In 2018, a highway bridge in the Italian port city of Genoa collapsed during a heavy rainstorm, sending dozens of cars and trucks plunging 45 meters into a dry riverbed. The death toll, including those who later died in hospital, was at least 43 people.

In 2019, Canada's ethics watchdog found Prime Minister Justin Trudeau violated the Conflict of Interest Act by improperly pressuring then-attorney general Jody Wilson-Raybould to halt the criminal prosecution of SNC-Lavalin. Mario Dion says that contravenes rules forbidding public office holders from using their position to try to influence a decision that would improperly further the private interests of a third party. Dion also said Trudeau improperly pushed Wilson-Raybould to consider partisan political interests in the matter, contrary to constitutional principles on prosecutorial independence and the rule of law.

In 2019, the federal government issued a travel advisory warning Canadians to exercise a high degree of caution in Hong Kong. The advisory was posted amid massive protests calling for democratic reforms and reports that the Chinese military was amassing on the border. About 300,000 Canadians live in Hong Kong.

In 2019, the Saint John Police Force said the investigation into the 2011 killing of multi-millionaire businessman Richard Oland is no longer active, despite the acquittal of Oland's son on a charge of second-degree murder in the case. Police Chief Bruce Connell made the statement the day after New Brunswick's Public Prosecution Services announced it would not appeal Dennis Oland's acquittal. In response, the family of Dennis Oland said it would renew its offer of a reward to possibly provide the police with additional information or new evidence that Connell suggested would be required for further investigation to take place.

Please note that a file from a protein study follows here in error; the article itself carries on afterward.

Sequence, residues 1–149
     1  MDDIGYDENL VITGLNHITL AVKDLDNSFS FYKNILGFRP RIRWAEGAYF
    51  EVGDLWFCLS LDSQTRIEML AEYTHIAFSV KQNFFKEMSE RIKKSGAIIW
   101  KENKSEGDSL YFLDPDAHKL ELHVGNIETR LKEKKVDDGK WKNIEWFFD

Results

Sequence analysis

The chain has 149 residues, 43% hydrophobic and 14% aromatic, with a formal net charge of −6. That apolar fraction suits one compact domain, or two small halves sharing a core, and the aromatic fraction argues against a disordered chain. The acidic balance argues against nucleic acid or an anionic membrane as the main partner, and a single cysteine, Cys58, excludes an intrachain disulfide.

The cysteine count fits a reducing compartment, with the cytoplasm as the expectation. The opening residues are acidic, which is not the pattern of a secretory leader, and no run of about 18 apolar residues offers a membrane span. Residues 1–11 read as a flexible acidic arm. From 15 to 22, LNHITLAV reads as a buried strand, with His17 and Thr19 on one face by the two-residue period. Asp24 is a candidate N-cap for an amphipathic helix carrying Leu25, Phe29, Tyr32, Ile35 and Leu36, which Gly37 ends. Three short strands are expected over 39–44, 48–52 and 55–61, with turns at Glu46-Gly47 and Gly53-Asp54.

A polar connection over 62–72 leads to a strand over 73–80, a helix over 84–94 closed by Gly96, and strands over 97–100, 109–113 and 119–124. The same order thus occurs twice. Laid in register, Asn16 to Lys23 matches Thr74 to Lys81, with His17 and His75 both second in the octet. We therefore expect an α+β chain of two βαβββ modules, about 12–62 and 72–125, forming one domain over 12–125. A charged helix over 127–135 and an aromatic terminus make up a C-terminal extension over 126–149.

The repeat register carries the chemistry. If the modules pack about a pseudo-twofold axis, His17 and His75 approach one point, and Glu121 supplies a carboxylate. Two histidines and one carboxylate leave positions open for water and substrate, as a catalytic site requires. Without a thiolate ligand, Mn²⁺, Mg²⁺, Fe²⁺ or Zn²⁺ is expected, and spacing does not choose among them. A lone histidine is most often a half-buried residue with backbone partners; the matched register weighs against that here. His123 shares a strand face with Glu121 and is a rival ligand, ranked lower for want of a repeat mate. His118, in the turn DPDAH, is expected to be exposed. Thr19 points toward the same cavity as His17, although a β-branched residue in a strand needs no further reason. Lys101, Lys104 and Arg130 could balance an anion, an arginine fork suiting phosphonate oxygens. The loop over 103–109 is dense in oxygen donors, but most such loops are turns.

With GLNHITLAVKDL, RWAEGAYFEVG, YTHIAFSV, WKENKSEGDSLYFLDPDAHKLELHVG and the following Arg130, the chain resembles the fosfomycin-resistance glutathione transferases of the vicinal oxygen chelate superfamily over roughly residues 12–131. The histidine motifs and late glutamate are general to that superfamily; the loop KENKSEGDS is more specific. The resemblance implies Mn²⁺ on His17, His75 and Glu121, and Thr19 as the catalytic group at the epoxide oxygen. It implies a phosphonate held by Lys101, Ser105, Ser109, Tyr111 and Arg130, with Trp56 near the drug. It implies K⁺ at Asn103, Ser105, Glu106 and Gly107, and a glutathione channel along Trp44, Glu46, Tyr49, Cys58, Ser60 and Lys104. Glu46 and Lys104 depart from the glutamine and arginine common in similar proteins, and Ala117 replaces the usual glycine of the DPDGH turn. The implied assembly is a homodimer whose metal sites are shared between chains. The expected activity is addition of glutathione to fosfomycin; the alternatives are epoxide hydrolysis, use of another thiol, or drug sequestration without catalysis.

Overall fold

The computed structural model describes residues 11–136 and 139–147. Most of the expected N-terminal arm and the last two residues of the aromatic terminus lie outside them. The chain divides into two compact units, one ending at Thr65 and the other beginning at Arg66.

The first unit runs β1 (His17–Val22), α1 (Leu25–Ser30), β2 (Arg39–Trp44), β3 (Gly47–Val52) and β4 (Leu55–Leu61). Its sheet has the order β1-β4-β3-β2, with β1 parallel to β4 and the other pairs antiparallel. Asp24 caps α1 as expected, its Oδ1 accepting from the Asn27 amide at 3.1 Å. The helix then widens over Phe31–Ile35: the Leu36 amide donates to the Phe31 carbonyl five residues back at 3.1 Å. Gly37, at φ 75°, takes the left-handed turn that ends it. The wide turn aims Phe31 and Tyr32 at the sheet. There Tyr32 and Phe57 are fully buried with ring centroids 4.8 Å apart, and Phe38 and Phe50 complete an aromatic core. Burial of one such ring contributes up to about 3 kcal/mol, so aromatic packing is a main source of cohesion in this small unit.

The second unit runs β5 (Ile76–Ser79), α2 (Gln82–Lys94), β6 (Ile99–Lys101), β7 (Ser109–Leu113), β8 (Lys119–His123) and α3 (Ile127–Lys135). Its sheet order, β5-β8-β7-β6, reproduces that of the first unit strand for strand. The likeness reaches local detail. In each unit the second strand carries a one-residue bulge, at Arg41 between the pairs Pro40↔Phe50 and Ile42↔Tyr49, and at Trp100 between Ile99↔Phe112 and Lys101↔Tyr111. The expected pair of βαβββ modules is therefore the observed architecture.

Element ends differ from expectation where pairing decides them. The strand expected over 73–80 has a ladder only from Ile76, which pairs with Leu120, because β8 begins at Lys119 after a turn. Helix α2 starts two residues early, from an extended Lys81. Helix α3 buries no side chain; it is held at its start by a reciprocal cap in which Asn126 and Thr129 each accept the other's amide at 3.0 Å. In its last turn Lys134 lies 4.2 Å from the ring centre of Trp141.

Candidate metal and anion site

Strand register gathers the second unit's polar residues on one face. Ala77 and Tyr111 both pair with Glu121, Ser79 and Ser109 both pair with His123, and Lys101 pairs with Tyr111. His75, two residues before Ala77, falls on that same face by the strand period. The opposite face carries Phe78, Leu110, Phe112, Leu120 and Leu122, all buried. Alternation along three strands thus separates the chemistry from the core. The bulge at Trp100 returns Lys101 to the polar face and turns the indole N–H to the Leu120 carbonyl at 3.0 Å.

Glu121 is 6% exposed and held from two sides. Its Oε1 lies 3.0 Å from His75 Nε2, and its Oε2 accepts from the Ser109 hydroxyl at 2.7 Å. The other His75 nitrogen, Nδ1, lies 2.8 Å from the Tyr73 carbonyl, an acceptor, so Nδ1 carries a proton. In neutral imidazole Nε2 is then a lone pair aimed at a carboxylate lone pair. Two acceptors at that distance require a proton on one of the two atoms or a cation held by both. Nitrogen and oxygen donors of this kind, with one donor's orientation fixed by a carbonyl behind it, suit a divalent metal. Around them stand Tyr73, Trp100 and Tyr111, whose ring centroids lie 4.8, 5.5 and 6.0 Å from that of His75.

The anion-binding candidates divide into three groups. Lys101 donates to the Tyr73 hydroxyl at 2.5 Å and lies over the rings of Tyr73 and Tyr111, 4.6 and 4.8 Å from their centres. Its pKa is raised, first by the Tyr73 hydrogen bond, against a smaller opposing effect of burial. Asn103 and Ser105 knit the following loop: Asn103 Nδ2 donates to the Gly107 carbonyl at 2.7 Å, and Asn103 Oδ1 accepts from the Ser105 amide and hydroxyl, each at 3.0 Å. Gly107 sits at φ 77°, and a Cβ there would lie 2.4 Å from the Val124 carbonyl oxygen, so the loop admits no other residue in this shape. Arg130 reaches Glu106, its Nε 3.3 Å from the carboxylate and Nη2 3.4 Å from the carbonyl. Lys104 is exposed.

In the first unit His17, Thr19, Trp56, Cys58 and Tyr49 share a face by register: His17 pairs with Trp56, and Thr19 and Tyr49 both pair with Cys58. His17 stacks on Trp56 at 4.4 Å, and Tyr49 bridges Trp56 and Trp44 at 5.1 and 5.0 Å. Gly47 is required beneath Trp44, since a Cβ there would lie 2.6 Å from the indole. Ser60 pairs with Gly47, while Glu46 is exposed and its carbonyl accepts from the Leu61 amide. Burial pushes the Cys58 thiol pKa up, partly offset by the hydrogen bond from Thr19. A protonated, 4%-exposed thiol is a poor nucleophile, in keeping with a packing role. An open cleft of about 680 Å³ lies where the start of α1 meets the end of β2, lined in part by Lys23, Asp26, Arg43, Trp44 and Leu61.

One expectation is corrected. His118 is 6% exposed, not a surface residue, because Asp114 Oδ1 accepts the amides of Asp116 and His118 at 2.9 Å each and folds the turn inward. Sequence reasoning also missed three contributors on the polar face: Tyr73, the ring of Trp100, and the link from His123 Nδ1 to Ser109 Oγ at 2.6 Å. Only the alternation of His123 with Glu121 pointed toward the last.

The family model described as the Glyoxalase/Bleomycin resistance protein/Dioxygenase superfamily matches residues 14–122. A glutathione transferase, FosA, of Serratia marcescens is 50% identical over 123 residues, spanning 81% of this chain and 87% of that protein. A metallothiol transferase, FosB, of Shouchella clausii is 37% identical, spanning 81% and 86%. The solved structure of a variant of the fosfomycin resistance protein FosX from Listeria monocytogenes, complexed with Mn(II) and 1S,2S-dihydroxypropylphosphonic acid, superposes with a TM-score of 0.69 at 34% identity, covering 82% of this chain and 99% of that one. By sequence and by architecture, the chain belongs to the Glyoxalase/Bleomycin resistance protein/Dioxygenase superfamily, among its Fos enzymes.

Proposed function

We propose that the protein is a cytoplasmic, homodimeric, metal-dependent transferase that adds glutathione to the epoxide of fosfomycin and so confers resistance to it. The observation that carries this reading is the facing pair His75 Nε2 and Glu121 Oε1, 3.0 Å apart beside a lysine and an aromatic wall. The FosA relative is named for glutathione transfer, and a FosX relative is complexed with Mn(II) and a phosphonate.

In 2020, Prime Minister Justin Trudeau confirmed that two Canadians were among those killed in a deadly explosion in a port in Beirut on August 4th. Trudeau didn't disclose their names, but CBC reported that one of the two was a three-year-old girl. The blast killed more than 200 people, injured thousands more and destroyed large parts of Beirut.

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(The Canadian Press)

The Canadian Press

A look at COVID-19 reopening plans across the country .
As COVID-19 vaccination rates increase and case numbers drop across the country, the provinces and territories have begun releasing the reopening plans for businesses, events and recreational facilities. Most of the plans are based on each jurisdiction reaching vaccination targets at certain dates, while also keeping the number of cases and hospitalizations down. Here's a look at what reopening plans look like across the country: Newfoundland and Labrador: Newfoundland and Labrador has moved to the second step of its reopening plan two weeks ahead of schedule.